The return of poet Peter Viereck. His epic, 20 years in the making, recapitulates modern themes
Archer in the Marrow, The Applewood Cycles, 1967-1987, by Peter Viereck. New York: W.W. Norton. 260 pp. $14.95, cloth; $6.95, paper. Like a stumbling bee on a deep spring afternoon, the reader of Peter Viereck's ``Archer in the Marrow'' returns somewhat stunned by the profusion and richness of the poetic plunder. Some facts may help.
Peter Viereck teaches Russian history at Mount Holyoke College in western Massachusetts. He is also a poet. If his name is unfamiliar, it may be because he had a falling out with the literary establishment in 1950 over what he perceived to be a split between form and ethics reflected in the choice of Ezra Pound for the Bollingen Prize in poetry.
Viereck had himself just (in 1948) won the Pulitzer Prize for poetry. The article he published in Commentary was widely read. He argued that because the anti-Semitism of Pound's Italian radio broadcasts during the war was reflected in his poetry, Pound should not be awarded a literary prize. Pound was in fact charged with treason - his broadcasts had also attacked the United States and especially President Roosevelt; he was acquited by reason of insanity. Again, most American poets identified with what they saw as a hounded poet.
Viereck tells this old story in the appendix to his new book-length poem, ``Archer in the Marrow.'' But the appendix is really about how poetic form is rooted in biological rhythms. Viereck is no moralist. Along with his political and racial beliefs, Pound also propagated some artistic beliefs about form. In his essay, Viereck settles scores not only with those who separate ethics and form but those who separate literary form from the time-forms of breathing and the pounding of the heart. He believes that by getting rid of the traditional line based on the iambic (taTUM) foot, poets have alienated their art from the two-step beat of the heart.
Viereck develops the argument at length and concludes: ``Just as rooted lawful liberty is equally betrayed by reactionary authoritarianism and by its consequence, radical anarchy, so aesthetic form is equally betrayed by the anarchic formlessness of the barbaric yawpers and by the dead formalism of the elegant wincers.'' Viereck's prose is rich with allusion. In this sentence we pass from an image out of Edmund Burke and William Butler Yeats (the rooted tree) which is fused with the radical tree of American liberty (this image can be unpacked in light of Viereck's experience with the Poundlings), and pass over to the aesthetic side of the analogy with paraphrases of Pound on Whitman and what I take as Viereck's own dismissive feelings about academic poets (``elegant wincers'').
Viereck's poetry is like his prose, only more tightly organized. ``Archer in the Marrow'' is a cycle of 18 parts that include a great range of literary forms. The title refers to the medieval legend about the wood of the apple tree in Eden being the wood used to make the cross for Jesus. The ``archer'' is Viereck's image of another use of the wood: to make an arrow, the symbol of human ``selfsurpassing.'' Viereck believes each of us has to make a choice between fashioning another cross or an arrow.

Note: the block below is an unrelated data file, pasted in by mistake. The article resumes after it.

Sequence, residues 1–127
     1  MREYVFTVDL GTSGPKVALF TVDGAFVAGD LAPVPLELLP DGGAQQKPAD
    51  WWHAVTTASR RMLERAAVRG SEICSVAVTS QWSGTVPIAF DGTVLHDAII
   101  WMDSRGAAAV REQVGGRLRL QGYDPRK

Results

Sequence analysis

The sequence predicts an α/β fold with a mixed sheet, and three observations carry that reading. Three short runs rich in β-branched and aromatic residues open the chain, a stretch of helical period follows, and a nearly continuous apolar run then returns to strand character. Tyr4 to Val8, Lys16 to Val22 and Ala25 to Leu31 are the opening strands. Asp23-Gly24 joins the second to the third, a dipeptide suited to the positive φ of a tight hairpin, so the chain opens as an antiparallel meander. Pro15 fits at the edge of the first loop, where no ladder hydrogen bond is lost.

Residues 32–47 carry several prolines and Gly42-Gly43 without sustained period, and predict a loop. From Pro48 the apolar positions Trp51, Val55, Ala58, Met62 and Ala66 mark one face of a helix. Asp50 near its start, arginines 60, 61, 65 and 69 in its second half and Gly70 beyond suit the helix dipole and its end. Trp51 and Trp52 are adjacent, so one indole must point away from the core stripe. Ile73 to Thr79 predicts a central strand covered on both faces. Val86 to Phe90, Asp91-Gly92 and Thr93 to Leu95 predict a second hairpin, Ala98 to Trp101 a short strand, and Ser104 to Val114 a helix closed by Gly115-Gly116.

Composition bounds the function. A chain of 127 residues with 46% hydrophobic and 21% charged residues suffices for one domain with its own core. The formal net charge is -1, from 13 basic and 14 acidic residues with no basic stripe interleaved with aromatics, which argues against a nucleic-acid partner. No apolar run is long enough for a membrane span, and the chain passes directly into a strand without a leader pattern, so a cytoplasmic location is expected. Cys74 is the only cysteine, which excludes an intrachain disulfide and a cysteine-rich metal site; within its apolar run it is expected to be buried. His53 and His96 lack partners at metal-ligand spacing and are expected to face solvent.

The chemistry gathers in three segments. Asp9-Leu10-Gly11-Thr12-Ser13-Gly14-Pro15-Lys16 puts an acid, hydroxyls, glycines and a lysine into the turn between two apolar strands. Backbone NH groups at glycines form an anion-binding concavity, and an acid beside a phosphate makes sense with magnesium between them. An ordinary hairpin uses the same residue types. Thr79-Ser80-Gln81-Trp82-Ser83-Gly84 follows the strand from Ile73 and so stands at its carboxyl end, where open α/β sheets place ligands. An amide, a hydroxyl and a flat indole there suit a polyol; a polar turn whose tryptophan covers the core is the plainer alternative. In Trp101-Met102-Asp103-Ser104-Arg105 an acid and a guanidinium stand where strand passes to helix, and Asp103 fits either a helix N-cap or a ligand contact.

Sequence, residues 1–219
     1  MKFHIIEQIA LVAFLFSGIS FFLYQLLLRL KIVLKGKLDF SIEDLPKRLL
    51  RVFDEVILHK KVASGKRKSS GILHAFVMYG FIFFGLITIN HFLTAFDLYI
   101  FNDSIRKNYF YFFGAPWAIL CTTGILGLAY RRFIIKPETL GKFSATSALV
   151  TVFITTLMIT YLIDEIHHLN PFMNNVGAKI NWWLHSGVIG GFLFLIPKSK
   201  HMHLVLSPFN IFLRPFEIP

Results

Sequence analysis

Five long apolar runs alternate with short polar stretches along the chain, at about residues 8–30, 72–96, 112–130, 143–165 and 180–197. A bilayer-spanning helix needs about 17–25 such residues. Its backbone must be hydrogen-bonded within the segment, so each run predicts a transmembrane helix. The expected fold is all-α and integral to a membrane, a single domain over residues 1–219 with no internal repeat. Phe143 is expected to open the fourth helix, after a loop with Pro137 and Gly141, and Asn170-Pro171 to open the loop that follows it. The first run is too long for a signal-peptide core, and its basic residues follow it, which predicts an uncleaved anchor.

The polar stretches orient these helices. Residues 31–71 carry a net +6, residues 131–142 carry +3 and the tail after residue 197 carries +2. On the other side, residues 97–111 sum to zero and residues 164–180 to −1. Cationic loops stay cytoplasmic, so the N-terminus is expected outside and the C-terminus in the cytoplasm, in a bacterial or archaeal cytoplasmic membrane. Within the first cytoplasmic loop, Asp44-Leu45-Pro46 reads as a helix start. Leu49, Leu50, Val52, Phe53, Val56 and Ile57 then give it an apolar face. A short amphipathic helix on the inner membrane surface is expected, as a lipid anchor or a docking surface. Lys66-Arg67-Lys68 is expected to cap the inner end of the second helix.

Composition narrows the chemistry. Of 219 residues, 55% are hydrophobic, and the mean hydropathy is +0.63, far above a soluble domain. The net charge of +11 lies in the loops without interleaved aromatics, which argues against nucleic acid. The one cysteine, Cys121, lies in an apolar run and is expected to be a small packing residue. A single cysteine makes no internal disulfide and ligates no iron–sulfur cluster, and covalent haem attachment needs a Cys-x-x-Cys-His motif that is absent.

Formally, the poem is a dialogue between ``father'' and ``son'' that takes place in the head of ``you.'' The dialogue is an opera of humanist speculation that fuses religious and historical themes in the way of the unauthorized Gospel of Philip, of the Italian Platonist Pico della Mirandola, of Nietzsche.
The cycles are related dialectically; it will take years for critics to unpack the meanings of the poem; it took Viereck 20 years to write it.
Viereck is a manic phrasemaker, an inveterate punster, a gnostic image-smith. None of these charges are made lightly. He calls Aphrodite ``the mussed-up goddess''; he writes of ``a consternation of tiptoe herons.'' He likes religious paradoxes like, ``a fool with crown of thorn made a crown of all thorn,'' and ``the one nailed carpenter made all nails vain.''
He has invented a form of rhyming he calls crisscross. It eschews the end of the line for the beginning of the line, Celtic fashion. The form has an ethical side. As he says in the dialogue: ```What makes two rival god-lies true for us?'/ Crisscross.''
At best, ``Archer in the Marrow'' has a Goethean precision; at worst an American ingenuous crudity (not often). There are extended passages of great beauty. Reading a passage on the moon, one thinks of Hart Crane (American ingenuous crudity at its best). There are extended ballads in quatrains and some superb triple meters devoted to the cave paintings of Dordogne. Cycle Thirteen is subtitled ``Auschwitz'' (each cycle is elaborately titled and annotated and epigraphed) and recalls some horrific moments from the film ``Shoah''; yet it somehow consoles.
The variety is astonishing and yet compact in its relationship to the overall organization of cycles and replays. Both exorcism and charm, ``Archer in the Marrow'' delivers the ``aesthetic shock'' of true art. In Ananda Coomaraswamy's words, the reader is like the good horse, for whom the touch of the whip has meaning. He says that ``... the realization of that meaning, in which nothing of the physical sensation survives, is still a part of the shock.'' The completeness of Viereck's art - the ethical dimension of the shock - guarantees that we will be ``realizing'' the meaning of ``Archer in the Marrow'' for a long time to come.
Thomas D'Evelyn is the Monitor's book editor.